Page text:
This is a beginner level question, and I apologise in advance if the answer is obvious.
If a by-subject random slope for a predictor "X" improves the model fit*, but the predictor "X" is not significant (with and without the by-subject random slope for predictor "X"), is there any point in adding the random slope for predictor "X"? The reason why I am asking this is because I always thought that the point of adding random slopes was to minimise the risk of Type I error, but there is no risk of Type I error with regards to predictor "X" if it is not significant in the first place.
*as judged by the pairwise comparisons using the LRT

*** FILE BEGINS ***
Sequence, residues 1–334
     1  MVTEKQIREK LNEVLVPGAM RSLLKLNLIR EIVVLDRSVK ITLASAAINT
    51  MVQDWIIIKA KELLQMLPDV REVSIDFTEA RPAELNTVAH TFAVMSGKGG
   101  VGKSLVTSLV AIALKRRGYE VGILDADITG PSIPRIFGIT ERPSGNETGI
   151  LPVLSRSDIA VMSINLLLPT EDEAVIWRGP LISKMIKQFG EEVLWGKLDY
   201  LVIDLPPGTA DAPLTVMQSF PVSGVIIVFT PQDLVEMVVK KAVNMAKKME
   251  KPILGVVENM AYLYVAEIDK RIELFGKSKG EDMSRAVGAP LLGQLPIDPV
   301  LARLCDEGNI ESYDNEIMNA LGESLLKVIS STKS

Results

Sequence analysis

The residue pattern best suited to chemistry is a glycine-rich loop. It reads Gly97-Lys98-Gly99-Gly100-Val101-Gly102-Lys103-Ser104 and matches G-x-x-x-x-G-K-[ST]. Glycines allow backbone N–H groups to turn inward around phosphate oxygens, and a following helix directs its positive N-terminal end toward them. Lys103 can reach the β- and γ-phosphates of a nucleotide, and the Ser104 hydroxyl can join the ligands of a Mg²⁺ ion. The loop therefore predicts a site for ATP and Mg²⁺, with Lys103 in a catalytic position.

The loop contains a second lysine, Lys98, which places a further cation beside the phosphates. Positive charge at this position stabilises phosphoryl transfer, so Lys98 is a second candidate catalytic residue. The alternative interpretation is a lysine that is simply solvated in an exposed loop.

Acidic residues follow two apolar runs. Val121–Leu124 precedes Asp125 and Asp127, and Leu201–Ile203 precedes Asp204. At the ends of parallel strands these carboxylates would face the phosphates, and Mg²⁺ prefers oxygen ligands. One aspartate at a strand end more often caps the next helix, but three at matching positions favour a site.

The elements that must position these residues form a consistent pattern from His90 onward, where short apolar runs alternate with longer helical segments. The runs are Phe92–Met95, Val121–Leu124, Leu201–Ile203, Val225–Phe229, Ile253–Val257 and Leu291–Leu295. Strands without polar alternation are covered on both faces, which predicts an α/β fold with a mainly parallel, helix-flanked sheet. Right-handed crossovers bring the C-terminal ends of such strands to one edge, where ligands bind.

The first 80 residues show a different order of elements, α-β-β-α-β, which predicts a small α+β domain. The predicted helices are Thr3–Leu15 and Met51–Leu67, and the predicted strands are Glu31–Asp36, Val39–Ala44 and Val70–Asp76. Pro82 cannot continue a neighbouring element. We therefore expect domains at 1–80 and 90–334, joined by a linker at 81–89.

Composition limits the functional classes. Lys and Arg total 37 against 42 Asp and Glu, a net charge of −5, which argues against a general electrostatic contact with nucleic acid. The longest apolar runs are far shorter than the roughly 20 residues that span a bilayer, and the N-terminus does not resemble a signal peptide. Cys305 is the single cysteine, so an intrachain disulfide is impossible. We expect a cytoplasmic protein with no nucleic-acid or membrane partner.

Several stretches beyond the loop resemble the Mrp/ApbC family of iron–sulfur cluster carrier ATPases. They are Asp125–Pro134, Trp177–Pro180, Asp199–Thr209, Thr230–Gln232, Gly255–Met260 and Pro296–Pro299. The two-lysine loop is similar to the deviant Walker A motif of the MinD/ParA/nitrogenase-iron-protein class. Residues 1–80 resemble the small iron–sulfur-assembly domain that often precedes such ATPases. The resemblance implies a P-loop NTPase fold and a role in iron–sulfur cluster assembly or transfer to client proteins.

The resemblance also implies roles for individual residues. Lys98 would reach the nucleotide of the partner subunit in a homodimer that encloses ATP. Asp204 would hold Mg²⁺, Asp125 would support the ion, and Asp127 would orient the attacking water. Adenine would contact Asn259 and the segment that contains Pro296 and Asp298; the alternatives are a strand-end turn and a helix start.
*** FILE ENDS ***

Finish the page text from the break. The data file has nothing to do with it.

Here is an illustration of what I mean:
ordinal_Eiii <- clmm(Understanding ~ zAge + EnglishProficiency + zSTOFHLA+Education + zFRES + zRDL2 + (1|Text) + (1|Subject), data = Study2.pairs, link = "probit", threshold = "flexible")
In the above model:
Estimate Std. Error z value Pr(>|z|) zRDL2 -0.02217 0.13923 -0.159 0.87350
After the addition of a random slope:
ordinal_Eii <- clmm(Understanding ~ zAge + EnglishProficiency + zSTOFHLA+Education + zFRES + zRDL2 + (1|Text) + (zRDL2 + 1|Subject), data = Study2.pairs, link = "probit", threshold = "flexible")
Estimate Std. Error z value Pr(>|z|) zRDL2 -0.18864 0.18454 -1.022 0.30669
Pairwise comparisons using the LRT:
no.par AIC logLik LR.stat df Pr(>Chisq)
ordinal_Eiii 19 1440.1 -701.06
ordinal_Eii 21 1430.6 -694.31 13.503 2 0.001169 **
In addition to the above, the inclusion of the random slope for zRDL2 changes the estimates of the other predictors. Thus, is the inclusion of random slope for zRDL2 warranted since it decreases the risk of committing a Type I error with regards to the remaining predictors? Am I understanding this right?